Teams have taken various approaches in the wake of the coronavirus hiatus. Some more details have emerged about how a few teams plan to handle the unpredictable situation.
- The Cardinals had initially planned to largely disperse, with only ten to fifteen players remaining at the team’s Florida complex. It seems they’ve reversed course somewhat. Fifteen to twenty-five players will stick around for the time being, reports Derrick Goold of the St. Louis Post-Dispatch. They’ll continue to work out informally, but they unsurprisingly plan to pare back the training intensity, especially on the pitching side. Cardinals officials anticipate an eventual abbreviated “2.0 spring training,” in the words of manager Mike Shildt, that’ll last around two weeks in advance of MLB’s official regular season start date. Technically, MLB could return as soon as April 9, but it’s unlikely games will get underway until at least May.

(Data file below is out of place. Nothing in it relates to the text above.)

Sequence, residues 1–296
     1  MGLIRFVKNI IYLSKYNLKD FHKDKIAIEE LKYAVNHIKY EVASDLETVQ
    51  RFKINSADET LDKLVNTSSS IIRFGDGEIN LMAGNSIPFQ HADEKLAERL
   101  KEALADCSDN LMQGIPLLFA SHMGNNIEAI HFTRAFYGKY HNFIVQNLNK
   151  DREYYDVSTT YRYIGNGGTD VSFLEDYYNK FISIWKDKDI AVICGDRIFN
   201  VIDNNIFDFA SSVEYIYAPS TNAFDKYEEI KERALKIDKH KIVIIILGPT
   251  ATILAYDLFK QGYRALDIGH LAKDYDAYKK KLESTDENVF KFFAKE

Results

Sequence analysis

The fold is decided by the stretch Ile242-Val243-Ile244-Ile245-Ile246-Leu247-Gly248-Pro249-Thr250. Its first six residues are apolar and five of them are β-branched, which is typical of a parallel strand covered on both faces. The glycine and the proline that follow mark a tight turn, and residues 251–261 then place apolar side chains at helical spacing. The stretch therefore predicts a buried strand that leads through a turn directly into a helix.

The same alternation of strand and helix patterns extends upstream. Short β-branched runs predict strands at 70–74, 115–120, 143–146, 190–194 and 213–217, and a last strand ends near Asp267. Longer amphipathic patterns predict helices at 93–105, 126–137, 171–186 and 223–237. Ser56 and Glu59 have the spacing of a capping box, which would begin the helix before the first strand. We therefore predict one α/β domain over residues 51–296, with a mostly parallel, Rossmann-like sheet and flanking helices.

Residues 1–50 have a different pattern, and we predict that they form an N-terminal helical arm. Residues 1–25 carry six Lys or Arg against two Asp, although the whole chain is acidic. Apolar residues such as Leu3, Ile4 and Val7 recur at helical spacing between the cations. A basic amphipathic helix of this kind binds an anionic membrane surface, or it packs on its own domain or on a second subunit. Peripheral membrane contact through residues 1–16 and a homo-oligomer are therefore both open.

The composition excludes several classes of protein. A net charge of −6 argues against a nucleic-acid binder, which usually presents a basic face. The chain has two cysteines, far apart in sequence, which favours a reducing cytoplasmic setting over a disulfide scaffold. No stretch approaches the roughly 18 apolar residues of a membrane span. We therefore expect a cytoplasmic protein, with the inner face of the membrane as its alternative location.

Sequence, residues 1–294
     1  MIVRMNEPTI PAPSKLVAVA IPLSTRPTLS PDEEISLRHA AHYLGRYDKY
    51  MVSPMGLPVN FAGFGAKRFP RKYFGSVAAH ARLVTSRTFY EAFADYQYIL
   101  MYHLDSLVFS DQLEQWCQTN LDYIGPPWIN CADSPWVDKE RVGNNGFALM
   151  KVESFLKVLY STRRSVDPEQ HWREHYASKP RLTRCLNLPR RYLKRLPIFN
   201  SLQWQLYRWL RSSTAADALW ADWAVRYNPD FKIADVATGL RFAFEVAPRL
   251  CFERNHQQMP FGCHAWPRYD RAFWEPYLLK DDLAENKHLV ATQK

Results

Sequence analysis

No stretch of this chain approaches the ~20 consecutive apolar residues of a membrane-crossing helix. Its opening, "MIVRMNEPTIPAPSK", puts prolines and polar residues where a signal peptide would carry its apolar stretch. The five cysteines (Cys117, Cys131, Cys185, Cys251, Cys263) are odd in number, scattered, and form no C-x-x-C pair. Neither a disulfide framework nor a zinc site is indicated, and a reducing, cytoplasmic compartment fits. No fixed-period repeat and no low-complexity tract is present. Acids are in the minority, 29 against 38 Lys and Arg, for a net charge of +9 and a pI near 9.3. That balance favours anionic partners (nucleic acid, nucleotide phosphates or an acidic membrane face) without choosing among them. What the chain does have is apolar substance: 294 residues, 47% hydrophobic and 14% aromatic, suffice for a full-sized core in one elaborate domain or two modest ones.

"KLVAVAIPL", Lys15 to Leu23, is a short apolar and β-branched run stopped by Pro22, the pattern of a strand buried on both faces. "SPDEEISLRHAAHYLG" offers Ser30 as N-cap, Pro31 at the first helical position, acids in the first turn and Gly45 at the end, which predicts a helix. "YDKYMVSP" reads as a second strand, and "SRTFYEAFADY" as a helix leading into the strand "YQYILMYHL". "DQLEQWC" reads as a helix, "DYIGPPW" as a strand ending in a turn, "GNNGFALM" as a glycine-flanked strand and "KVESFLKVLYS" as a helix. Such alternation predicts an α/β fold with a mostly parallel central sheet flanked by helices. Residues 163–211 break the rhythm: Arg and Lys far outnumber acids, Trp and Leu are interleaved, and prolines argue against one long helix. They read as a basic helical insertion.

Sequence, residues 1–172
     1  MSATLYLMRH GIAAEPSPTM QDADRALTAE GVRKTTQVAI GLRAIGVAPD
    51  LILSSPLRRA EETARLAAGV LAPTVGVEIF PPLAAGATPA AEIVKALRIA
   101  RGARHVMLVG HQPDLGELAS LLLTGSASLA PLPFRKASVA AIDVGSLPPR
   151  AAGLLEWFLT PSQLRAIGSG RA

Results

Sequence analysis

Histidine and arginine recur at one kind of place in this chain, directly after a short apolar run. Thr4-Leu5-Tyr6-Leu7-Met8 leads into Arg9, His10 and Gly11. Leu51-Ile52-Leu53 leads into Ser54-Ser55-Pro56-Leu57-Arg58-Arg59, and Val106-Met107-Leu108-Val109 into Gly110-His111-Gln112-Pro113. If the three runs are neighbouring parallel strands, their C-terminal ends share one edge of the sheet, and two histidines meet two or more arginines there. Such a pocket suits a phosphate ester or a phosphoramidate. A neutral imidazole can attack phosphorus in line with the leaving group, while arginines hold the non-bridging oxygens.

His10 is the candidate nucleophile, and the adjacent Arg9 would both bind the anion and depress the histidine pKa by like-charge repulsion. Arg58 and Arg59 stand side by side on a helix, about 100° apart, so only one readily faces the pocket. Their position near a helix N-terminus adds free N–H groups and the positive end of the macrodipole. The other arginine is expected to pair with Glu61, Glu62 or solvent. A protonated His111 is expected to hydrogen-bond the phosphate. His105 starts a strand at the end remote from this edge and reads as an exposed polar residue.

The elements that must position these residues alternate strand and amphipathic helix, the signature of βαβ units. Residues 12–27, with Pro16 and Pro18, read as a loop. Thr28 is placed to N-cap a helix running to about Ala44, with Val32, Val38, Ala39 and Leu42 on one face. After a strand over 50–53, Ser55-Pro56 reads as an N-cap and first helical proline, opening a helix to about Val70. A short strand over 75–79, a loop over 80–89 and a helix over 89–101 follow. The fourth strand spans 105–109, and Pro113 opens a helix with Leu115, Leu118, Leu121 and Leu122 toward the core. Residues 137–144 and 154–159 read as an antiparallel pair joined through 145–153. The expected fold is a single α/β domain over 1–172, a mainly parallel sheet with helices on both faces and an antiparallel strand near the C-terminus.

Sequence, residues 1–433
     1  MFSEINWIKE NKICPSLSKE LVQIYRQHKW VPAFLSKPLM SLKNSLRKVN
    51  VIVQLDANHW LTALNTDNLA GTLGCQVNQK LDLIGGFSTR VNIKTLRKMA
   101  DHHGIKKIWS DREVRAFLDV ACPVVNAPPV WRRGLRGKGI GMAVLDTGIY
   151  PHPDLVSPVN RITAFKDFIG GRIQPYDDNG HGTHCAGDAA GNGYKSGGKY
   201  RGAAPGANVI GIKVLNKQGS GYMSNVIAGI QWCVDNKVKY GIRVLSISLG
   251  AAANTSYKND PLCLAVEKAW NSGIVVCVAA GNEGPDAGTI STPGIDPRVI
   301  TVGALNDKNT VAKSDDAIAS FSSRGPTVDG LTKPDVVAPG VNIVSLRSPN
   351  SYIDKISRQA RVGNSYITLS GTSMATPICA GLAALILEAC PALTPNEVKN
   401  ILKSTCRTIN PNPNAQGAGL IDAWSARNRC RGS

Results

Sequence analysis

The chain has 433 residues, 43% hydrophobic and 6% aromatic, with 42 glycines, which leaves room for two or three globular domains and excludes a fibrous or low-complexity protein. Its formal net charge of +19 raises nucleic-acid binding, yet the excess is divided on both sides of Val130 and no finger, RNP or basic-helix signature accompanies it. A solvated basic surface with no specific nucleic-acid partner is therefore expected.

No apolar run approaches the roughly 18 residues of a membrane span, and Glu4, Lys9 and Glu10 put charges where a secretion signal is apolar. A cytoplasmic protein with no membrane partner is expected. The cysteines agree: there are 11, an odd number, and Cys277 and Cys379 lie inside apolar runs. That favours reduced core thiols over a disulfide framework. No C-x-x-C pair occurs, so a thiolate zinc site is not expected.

- The Astros will split into two groups to train, pitcher Lance McCullers announced (h/t to Chandler Rome of the Houston Chronicle). Some members of the club will remain in the team’s spring complex in Florida, while others are headed back to Houston. The players plan to work out collectively.
- Most of the Mets’ coaching staff will stay at the team’s Florida spring complex, as will many players on the team, tweets MLB Network’s Jon Heyman. Newsday’s Tim Healey recently reported that most of the team would stay put.
- As of yesterday, the Royals were holding tight at their Arizona spring facility, reports Lynn Worthy of the Kansas City Star. As pitcher Danny Duffy acknowledged to Worthy, the fluid situation could call for a change in plans at any time.
- A good portion of the Rays’ roster is holding tight at the team’s spring complex for now. 30-35 players took part in an informal workout yesterday, reports Marc Topkin of the Tampa Bay Times. Unlike some other clubs, Tampa has no plans to conduct any sort of team-wide vote on the matter, Topkin adds, preferring to let players decide on a case-by-case basis their preferred course of action.